A man has taken the rare step of personally suing a judge for compensation after he was jailed for contempt in family law proceedings and held for six days in custody, during which he says he was bashed, became suicidal and woke up to his cellmate strangling him.
The father of two, who cannot be named under the Family Law Act, had applied for property adjustment orders in the Federal Circuit Court – which deals with less-complex family law matters – but was unable to provide full details of his financial situation to his ex-wife as required.
“Bring your toothbrush”: Judge Salvatore Vasta.
In August 2018, Judge Salvatore Vasta told the man if he did not hand over all of his financial information, "bring your toothbrush".
"If people don’t comply with my orders, there’s only [one] place they go, OK. And I don’t have any hesitation in jailing people for not complying with my orders," Judge Vasta said.
The man, who was not represented by a lawyer and had no legal experience, was jailed during a later court appearance in December 2018, despite saying he had "in good faith tried to provide every aspect of my financial life".
"[That’s] the strange thing, is you really don’t think that the court ever will jail you for contempt," Judge Vasta told the man. "You’re about to find that lesson is going to be a very hard one for you to learn."
The man, given the court pseudonym "Mr Stradford", is suing Judge Vasta, the State of Queensland and the Commonwealth of Australia seeking damages, including aggravated and exemplary damages, as well as interest and costs.
In his statement of claim, filed in the Federal Court last month, Mr Stradford was described by a psychiatrist as a "broken" man who now lived with post-traumatic stress disorder and major depressive disorder. His time in custody left him feeling "terrified", "degraded and ashamed" and "powerless".
The document details that Mr Stradford was attacked multiple times while in custody, including being randomly punched on the head and waking up to his cellmate strangling him.
He was given women's denim shorts to wear, which led to other inmates ridiculing him, and was placed in a cell with no toilet paper, meaning he had to use a towel to wipe himself. He then had to use this "faeces-stained towel" for bedding when he became cold.
Mr Stradford was close to taking his own life in his cell when he heard his daughter's favourite song on the Watch House radio and abandoned his attempt at the last minute, the document says. He was then held in a maximum-security prison for two days because he was at risk of self-harm.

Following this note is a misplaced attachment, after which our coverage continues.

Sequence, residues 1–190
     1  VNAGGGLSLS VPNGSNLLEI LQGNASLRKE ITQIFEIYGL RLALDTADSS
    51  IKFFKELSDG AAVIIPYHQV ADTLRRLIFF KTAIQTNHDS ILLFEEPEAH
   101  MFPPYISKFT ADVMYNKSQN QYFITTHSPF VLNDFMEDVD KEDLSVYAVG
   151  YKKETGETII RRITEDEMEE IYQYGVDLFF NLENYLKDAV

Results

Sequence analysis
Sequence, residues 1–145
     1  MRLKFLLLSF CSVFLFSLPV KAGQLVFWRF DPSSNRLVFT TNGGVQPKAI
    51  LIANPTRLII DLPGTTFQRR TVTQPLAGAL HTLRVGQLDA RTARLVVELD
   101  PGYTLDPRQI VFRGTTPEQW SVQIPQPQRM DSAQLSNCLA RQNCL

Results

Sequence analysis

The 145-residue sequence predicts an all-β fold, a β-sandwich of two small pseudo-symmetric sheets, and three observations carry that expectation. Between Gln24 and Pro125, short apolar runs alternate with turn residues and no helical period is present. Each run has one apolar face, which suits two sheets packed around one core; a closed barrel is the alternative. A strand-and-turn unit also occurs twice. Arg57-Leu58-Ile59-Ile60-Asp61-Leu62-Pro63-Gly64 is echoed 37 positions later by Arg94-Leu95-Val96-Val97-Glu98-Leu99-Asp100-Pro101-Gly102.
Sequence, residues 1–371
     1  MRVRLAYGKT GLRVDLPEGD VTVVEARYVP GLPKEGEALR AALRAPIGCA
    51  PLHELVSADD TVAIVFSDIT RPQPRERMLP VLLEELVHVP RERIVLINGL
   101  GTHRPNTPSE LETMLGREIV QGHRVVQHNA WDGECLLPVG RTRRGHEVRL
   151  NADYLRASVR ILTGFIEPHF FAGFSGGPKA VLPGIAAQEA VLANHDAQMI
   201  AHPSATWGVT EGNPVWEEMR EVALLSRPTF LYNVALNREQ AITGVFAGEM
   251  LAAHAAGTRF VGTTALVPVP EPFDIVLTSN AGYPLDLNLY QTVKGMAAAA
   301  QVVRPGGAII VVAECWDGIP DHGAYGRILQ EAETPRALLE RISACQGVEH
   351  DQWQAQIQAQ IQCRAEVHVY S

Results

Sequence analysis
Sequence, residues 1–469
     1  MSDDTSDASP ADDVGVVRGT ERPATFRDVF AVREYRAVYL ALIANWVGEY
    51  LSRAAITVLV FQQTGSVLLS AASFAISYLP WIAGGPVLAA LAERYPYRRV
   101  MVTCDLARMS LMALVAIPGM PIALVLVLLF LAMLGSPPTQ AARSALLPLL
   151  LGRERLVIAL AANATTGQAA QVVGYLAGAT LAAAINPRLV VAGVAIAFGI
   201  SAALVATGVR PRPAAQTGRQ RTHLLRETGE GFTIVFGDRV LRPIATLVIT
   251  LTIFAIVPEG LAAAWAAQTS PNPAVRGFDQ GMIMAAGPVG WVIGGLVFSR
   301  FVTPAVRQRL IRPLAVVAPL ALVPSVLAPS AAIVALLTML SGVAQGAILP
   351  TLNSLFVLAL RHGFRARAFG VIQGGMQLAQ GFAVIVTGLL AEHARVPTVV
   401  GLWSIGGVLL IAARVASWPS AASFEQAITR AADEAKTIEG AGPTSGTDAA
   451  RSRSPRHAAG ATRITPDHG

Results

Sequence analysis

In a judgment in February 2019, the Full Court of the Family Court – Justices Steven Strickland, Peter Murphy and Michael Kent – set aside the orders made by Judge Vasta and labelled the situation a "gross miscarriage of justice".
"We are driven to conclude that the processes employed by the primary judge were so devoid of procedural fairness to the husband, and the reasons for judgment so lacking in engagement with the issues of fact and law to be applied, that to permit the declaration and order for imprisonment to stand would be an affront to justice," the court found.
Mr Stradford's case against Judge Vasta alleges the judge engaged in an abuse of government power, a "contumelious disregard" for Mr Stradford's rights, and "conduct that was high-handed or outrageous", warranting an award of exemplary damages against the judge.
Under the doctrine of judicial immunity, judges cannot ordinarily be sued for decisions they make, although High Court authorities including D'Orta-Ekenaike v Victoria Legal Aid set out that "inferior courts" are open to collateral attack alleging excess of jurisdiction.
Mr Stradford argues the Federal Circuit Court is an inferior court and Judge Vasta exceeded his jurisdiction by departing from procedure and making orders he lacked the power to make, which means he "lost the benefit of the doctrine of judicial immunity".
It is alleged Judge Vasta is liable for false imprisonment and collateral abuse of process, while the Commonwealth and the State of Queensland are said to be vicariously liable for false imprisonment of Mr Stradford carried out by court security staff, police officers and correctional officers.
In a defence filed on Friday afternoon, the State of Queensland said it had made "reasonable inquiries" but remained "uncertain as to the truth" of some allegations made by Mr Stradford, including the incidents he allegedly experienced during his time in custody.
Lawyers for the state admitted that Mr Stradford was imprisoned by Queensland Police and correctional officers, but denied that there was no lawful justification to do so and argued the officers do not incur civil liability in this case.
Judge Vasta and the Commonwealth have not yet filed documents in the case, which is due to be mentioned in court for the first time in February.
❏ Support is available for those who may be distressed by phoning Lifeline 13 11 14; Mensline 1300 789 978; Kids Helpline 1800 551 800; beyondblue 1300 224 636.
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